Turner syndrome was first described by doctor Henry Turner who was studying a group of females. Normally, females contain two copies of the X chromosome as we can see here. But in Turner syndrome, females only have a single copy of the X chromosome, so they have 45 chromosomes in total instead of 46. Turner syndrome is actually the only example where having a single copy of a chromosome is tolerated. As mentioned earlier, loss of a chromosome is often lethal for the embryo.

Some characteristics of Turner syndrome include a webbed neck, where they have extra folds of skin in the neck area, defects in the heart and kidneys, infertility problems, and they’re generally short in height. Because the X chromosome is missing which contains the genes for female hormones, like estrogen, there is a reduction in reproduction. This can lead to underdevelopment of the ovaries and infertility. Hormone therapy can be used to support these individuals who can then go on to have a high quality of life.

Now, let’s take a look at a practice question to apply what we’ve learned in this video.

The passage provided outlines how chromosomal abnormalities can be caused. Chromosomal abnormalities can be caused by changes in the blank of chromosomes or a complete loss or blank of entire chromosomes. Which word would be most appropriate to replace the first blank? (A) Appearance, (B) bonding, (C) replication, or (D) structure.

This question is asking us about chromosomes and chromosomal abnormalities. So let’s take a moment to review what a chromosome is. Inside most of our cells, we have a nucleus which contains our DNA. This DNA is organized into 46 chromosomes that we could see here. Chromosomes are numbered from one to 22, with chromosome one being the largest and chromosome 22 being the smallest, while chromosomes X and Y are sometimes called our sex chromosomes because they determine our biological sex.

We have two copies of each chromosome. One comes from our biological father and the other comes from our biological mother. So, in total, we have 23 pairs of chromosomes for a total of 46 chromosomes. If we take a closer look at one of these chromosomes, we can see that there are many genes within it. These genes are needed for the cell and for us to properly function. Chromosomal abnormalities exist in some individuals where parts of a chromosome are missing or duplicated. These kinds of structural changes in a chromosome can impact the genetic information on it and cause problems for the cell. Therefore, the word that is most appropriate to replace in the first blank in this passage will be “structure.”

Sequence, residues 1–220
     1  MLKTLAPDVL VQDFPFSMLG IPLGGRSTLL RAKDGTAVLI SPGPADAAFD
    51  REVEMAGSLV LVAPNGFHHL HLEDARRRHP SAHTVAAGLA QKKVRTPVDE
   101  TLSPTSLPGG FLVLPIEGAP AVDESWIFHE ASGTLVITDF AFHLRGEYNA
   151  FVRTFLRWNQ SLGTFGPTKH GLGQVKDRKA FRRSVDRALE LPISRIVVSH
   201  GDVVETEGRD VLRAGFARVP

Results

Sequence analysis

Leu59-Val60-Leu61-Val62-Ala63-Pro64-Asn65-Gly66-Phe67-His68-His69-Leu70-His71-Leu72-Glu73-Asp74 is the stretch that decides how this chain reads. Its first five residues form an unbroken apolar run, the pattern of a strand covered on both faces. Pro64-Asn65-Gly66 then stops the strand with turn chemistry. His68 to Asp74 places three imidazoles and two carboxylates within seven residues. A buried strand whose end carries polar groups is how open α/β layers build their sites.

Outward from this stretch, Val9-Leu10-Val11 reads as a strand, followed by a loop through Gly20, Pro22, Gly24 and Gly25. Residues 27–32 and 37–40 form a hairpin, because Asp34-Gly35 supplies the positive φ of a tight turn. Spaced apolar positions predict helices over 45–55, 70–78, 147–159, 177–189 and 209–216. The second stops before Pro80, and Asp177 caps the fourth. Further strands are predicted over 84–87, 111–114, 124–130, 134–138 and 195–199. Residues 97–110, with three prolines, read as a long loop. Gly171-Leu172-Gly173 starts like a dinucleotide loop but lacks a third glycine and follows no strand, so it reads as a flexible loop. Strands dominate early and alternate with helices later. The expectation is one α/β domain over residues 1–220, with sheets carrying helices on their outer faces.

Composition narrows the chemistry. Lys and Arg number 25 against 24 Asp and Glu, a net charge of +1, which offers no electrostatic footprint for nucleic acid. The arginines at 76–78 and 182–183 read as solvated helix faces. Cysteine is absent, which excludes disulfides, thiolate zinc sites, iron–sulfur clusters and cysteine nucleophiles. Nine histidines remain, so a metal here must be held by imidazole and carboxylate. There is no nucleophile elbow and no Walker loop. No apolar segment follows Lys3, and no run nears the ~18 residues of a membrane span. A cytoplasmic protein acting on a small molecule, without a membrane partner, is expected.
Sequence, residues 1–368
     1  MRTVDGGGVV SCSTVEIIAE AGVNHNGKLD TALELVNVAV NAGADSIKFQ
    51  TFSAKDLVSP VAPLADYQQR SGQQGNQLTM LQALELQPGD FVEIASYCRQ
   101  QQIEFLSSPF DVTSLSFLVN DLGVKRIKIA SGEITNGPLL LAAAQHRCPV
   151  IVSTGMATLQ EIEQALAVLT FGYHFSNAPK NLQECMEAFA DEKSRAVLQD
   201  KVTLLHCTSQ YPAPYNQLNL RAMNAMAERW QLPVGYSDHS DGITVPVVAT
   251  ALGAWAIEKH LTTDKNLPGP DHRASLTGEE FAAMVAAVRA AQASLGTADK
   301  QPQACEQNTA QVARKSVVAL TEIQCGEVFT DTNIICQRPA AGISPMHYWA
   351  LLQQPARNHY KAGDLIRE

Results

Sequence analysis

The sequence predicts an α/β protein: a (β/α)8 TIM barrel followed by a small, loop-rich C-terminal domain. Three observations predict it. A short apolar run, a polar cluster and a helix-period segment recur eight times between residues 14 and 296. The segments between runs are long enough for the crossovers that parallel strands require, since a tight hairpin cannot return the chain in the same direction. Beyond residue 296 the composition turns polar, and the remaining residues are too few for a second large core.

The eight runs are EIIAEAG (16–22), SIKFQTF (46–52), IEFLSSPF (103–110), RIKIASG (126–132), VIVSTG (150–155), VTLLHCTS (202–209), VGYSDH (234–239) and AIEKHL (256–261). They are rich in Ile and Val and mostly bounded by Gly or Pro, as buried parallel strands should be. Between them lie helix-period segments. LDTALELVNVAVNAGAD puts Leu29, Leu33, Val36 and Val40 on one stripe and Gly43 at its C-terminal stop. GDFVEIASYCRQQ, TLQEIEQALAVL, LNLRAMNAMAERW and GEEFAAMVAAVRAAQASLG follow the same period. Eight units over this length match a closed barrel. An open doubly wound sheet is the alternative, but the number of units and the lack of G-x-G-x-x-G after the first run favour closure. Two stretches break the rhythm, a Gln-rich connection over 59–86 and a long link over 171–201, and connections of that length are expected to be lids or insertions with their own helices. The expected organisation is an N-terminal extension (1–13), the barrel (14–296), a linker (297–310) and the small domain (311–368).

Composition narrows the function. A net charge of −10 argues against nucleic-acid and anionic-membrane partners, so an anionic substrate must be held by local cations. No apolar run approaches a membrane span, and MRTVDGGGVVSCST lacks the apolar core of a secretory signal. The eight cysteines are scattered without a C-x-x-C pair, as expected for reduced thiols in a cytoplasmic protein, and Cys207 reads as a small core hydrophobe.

Now, let’s look at the second part of this question.

Which word would be most appropriate to replace the second blank? (A) Fusion, (B) specialization, (C) segmentation, or (D) gain.

Besides structural changes in a chromosome, entire chromosomes can be missing or duplicated. Some syndromes, such as Down syndrome, are caused by an additional copy or a gain of chromosome 21. Because there’s now three copies of this chromosome, there’s now additional copies of the genes that it contains. This additional genetic information can cause problems for the cell that are manifested as Down syndrome. Therefore, the word that’s most appropriate to replace the second blank is “gain.”

Therefore the passage now correctly reads “Chromosomal abnormalities can be caused by changes in the structure of chromosomes or complete loss or gain of entire chromosomes.”

Now let’s go over the key points that we covered in this video. Humans have a total of 46 chromosomes or 23 pairs of chromosomes. A karyotype is an image of an organism’s chromosomes and is what we use to identify any chromosomal abnormalities. Errors in forming gametes, like the egg or sperm cell, can cause a gain or loss of chromosomes. Down syndrome is caused by three copies of chromosome 21 instead of the normal two copies. Klinefelter syndrome affects males and is caused by two copies of the X chromosome and a single copy of the Y chromosome. Turner syndrome affects females and is caused by a missing X chromosome. So, these females only have a single copy of the X chromosome instead of having the normal two.